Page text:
RSV causes respiratory tract infections. To treat it, RJ was placed on a Bilevel Positive Airway Pressure machine. He was on the BiPAP machine 24/7 while in the ICU. Also, doctors said RJ had CCHS.
Close to the end of his month-long stay at the hospital, doctors found mononucleosis in RJ’s system.
“It almost killed him,” Roush said.
Once doctors found out RJ had mononucleosis, they stopped chemotherapy and sent him home at the end of the month.
RJ returned to the hospital a month later for surgery to remove the tumor off his right adrenal gland. The tumor was removed and the adrenal gland was saved, Roush said.
Before leaving the hospital again, doctors sat down with RJ’s parents and suggested RJ get a tracheostomy tube. A trach, as it is called, is a tube that is inserted into neck to help a person breathe.
When doctors told Roush and her husband their son should get a tracheostomy tube, they were not surprised.
“There was always a possibility that any child with CCHS could be trached,” she said.
RJ went home and then returned a month later to get the tracheostomy tube inserted and was in the hospital for almost two months again.
Trip to Disney World
Before getting his tracheostomy tube, though, Make-a-Wish sent the Roushes to Disney World.
Joining RJ, his sisters and his parents was Roush’s father-in-law, who was diagnosed with stage 4 pancreatic cancer around the same time as RJ was diagnosed with neuroblastoma, Roush said.
“It gave him something nice (to do),” she said of her father-in-law joining them on the trip.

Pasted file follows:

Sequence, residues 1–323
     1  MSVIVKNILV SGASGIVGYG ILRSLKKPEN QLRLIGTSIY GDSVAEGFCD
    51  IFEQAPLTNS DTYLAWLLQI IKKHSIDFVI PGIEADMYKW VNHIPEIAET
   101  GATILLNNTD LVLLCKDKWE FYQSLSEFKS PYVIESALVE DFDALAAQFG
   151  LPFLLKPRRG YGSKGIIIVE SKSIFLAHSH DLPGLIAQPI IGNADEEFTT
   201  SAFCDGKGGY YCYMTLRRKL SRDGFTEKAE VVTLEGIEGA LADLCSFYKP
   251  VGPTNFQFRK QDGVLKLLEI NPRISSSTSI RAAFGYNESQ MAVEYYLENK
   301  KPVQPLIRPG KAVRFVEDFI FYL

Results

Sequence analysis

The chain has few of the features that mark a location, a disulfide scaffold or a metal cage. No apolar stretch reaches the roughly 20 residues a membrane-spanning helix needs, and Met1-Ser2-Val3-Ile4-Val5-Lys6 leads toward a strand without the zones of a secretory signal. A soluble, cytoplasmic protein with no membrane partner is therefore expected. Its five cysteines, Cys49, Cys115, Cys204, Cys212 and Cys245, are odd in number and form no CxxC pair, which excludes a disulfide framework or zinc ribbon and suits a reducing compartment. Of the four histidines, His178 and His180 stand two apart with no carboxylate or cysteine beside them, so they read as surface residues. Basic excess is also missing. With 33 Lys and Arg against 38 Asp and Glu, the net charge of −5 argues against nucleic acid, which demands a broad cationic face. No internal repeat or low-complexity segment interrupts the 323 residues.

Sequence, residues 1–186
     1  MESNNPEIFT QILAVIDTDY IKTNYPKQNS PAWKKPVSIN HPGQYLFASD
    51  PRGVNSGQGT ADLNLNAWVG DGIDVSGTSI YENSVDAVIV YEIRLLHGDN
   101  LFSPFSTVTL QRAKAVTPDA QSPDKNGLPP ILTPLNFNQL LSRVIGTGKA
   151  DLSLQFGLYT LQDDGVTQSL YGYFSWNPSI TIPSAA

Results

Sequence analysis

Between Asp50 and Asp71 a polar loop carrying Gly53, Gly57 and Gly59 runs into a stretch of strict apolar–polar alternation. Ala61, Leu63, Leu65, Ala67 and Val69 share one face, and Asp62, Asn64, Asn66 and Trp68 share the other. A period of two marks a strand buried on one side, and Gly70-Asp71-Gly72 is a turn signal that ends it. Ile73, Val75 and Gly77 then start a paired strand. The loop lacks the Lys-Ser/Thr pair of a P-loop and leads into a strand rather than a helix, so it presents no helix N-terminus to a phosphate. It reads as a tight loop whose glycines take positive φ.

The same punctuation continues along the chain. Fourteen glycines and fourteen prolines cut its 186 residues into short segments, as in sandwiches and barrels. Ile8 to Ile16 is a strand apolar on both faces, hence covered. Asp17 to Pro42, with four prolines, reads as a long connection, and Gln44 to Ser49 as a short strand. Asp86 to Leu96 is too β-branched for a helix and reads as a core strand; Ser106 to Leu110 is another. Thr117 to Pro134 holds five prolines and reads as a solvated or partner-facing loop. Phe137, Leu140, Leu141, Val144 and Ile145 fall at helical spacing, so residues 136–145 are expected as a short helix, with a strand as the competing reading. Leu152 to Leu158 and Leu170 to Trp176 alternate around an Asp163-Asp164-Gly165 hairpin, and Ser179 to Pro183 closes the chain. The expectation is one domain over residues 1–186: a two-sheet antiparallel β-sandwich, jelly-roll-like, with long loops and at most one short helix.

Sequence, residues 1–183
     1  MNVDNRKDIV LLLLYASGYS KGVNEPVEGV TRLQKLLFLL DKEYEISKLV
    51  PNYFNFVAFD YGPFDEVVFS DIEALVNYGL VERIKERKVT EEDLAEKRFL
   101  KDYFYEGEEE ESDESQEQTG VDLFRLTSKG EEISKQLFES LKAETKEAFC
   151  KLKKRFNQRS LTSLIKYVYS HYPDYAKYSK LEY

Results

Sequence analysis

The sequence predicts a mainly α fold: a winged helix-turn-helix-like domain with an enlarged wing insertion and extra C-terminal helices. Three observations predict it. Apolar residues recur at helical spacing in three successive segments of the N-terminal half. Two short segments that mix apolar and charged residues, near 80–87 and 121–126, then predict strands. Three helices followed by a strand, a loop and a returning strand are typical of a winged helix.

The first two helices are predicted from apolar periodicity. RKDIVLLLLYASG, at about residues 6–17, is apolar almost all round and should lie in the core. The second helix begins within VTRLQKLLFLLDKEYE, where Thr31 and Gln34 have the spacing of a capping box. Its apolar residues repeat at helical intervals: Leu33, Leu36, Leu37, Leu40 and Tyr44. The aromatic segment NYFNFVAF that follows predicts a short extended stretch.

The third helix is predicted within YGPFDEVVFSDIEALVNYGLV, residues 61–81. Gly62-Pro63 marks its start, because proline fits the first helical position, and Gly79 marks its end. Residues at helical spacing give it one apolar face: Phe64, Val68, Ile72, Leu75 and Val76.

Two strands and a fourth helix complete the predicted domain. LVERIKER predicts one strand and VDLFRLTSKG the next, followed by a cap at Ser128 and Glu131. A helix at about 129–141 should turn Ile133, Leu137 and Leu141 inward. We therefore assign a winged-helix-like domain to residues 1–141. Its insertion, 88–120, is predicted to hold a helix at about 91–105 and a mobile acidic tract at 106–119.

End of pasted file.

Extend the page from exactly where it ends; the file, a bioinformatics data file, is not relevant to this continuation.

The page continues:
Dealing with tracheostomy
The trip happened right before RJ’s tracheostomy tube was put in so RJ could have one “normal adventure” before his life changed, Roush said.
After the procedure, Roush said her “world (was) turned upside down.”
She and her husband had to learn how to insert and take out the trach. They also learned how to keep the site clean and what supplies are needed at all times, Roush said.
“You can’t just get up and leave (to go out),” she said.
The decision to put a tracheostomy tube in RJ was a difficult decision to make, but Roush said it was the right decision to make because they can take care of RJ at home.
Having RJ at home and not at a hospital can have its downsides though when it comes to money. Someone who is trained on how to work with a tracheostomy tube must be with RJ at all times, even at night while he is sleeping.
“I’ve not been able to go back to work,” Roush said.
She said they are currently looking for a night nurse to help take care of RJ.
RJ has been in remission for a year, Roush said, and is attending preschool, which he loves. Even though RJ’s cancer is in remission, he still has to go to the hospital for an MRI every three to six months. One of the most important things the Roushes learned is that RJ’s cancer is not genetic.
Roush said she takes life day by day an often asks herself why the cancer happened to her child.
“Never in my wildest dreams would I have thought … we were going to find out he had cancer,” she said.
Nothing seems to stop RJ, though, Roush said.
“He’s still buck wild,” she said.
Reach Dylanne Petros at 937-382-2574, ext. 2514 or on Twitter @DylannePetros.